Here comes “Baby Driver,” an action comedy that’s wildly entertaining. It has everything neither “Transformers: the Last Knight” nor “The Mummy” have: a fresh script, colorful characters, first-rate action scenes, and laughs all around.
Ansel Elgort gives his best performance to date as Baby (that’s his name), a getaway car driver who uses the right music to play at the right scenes of every heist. That and ever since his parents got killed in a car accident, he was left with a ringing in his ears and the music drowns it out.
He drives the car, while the criminals: Buddy (Jon Hamm), Darling (Eiza Gonzalez), and Griff (Jon Bernthal) steal the cash. His boss Doc (Kevin Spacey) promises him to be straight with him, and by “straight,” Baby thinks he has one more job, and that job would be to drive a coo coo bird named Bats (Jamie Foxx) and his two goons (Flea and Lanny Joon) at an early morning robbery. He’s straight.
Then, there’s the romance between Baby and a diner waitress named Deborah (Lily James), who shares the same taste in music, and he loves her style and beauty. Unfortunately, Doc didn’t say Baby was done yet. He has to drive Buddy, Darling, and Bats at a post office robbery, which ends up going horribly wrong.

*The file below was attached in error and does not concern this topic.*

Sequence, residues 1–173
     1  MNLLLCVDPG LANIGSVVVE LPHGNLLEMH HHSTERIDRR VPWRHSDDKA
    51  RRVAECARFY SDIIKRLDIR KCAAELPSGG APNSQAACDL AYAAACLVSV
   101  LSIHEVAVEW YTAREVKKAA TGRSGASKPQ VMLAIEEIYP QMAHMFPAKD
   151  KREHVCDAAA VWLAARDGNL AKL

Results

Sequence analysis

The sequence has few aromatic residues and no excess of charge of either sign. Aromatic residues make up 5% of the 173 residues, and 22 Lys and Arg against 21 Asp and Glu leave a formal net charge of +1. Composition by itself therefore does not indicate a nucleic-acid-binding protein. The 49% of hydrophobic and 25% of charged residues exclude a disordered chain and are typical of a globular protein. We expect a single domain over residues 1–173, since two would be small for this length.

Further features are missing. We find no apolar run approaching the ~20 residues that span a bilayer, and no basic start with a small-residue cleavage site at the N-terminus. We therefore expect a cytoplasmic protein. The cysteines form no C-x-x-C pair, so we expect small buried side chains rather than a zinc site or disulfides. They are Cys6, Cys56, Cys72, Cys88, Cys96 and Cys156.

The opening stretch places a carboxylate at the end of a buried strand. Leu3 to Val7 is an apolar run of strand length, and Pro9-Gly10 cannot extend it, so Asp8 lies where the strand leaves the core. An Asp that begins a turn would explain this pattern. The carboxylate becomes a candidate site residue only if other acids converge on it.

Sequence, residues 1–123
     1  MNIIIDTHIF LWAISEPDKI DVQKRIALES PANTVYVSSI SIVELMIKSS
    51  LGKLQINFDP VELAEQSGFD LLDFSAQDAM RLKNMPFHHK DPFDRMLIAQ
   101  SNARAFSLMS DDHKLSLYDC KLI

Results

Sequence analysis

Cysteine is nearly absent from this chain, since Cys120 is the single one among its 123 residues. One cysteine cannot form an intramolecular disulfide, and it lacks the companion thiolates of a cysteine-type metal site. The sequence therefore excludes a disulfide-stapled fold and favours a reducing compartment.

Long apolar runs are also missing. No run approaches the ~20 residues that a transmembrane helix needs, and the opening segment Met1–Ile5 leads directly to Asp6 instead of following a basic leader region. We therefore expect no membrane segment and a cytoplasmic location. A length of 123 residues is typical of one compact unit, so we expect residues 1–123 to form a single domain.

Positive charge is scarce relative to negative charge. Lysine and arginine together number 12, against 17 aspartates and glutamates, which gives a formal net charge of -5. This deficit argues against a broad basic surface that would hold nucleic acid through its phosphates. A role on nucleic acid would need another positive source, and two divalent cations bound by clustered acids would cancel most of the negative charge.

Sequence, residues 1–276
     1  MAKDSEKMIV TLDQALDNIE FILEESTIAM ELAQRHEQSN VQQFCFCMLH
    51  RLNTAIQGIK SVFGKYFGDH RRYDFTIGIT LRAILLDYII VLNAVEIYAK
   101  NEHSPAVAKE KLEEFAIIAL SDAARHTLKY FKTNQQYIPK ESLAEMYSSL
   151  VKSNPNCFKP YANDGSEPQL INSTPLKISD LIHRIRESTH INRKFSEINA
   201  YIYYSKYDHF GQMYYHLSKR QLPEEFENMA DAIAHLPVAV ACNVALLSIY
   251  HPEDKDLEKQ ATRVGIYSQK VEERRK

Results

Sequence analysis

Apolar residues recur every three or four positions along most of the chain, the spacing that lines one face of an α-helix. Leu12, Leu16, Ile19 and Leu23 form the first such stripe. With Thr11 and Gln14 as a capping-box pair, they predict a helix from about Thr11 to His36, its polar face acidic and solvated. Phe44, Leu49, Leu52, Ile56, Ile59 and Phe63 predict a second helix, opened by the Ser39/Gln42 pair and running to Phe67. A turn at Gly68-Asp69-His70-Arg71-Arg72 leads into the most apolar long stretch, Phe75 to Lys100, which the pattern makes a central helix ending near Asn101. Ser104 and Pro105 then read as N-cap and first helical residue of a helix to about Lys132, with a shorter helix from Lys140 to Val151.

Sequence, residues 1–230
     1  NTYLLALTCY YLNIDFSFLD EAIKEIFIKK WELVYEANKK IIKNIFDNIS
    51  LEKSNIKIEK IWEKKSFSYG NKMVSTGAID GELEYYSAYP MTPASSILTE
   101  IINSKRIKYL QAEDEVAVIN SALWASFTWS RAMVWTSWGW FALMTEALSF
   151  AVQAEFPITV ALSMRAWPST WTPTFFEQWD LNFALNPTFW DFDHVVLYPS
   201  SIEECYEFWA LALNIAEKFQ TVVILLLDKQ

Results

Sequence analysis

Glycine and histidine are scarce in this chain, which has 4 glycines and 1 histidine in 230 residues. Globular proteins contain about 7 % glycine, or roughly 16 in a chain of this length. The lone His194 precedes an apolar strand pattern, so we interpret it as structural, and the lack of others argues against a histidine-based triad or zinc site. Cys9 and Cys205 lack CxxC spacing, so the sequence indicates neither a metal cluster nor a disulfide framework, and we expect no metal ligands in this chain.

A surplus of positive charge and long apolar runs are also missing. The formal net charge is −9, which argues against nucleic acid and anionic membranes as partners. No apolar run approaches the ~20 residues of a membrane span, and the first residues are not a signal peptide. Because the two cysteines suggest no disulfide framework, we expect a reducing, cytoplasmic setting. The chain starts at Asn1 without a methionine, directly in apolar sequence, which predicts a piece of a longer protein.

“Baby Driver” was written and directed by Edgar Wright, the genius behind
“Shaun of the Dead,” “Hot Fuzz,” and “The World’s End.” Here, he brings it all together: action, comedy, romance, thrills, music. You just love hearing Barry White, Simon & Garfunkel, and Queen on the soundtrack.
The writing is also wickedly fresh. It has a certain old fashioned quality mixed with the modern era. No matter how difficult the odds are, the main character (that’s Baby) always manages to thrive through them. And never once was I irritated.
And what about the cast? It’s unbelievable. Elgort, James, Spacey, Gonzalez, Bernthal, Hamm, and Foxx-all wonderful; Flea and Joon-small but comical; and Paul Williams’ cameo as an arms dealer-totally works. This has one of the best ensembles in one of the best films of the year, period. Take my advice: don’t see “Transformers: The Last Knight” nor “The Mummy”; go see “Baby Driver.”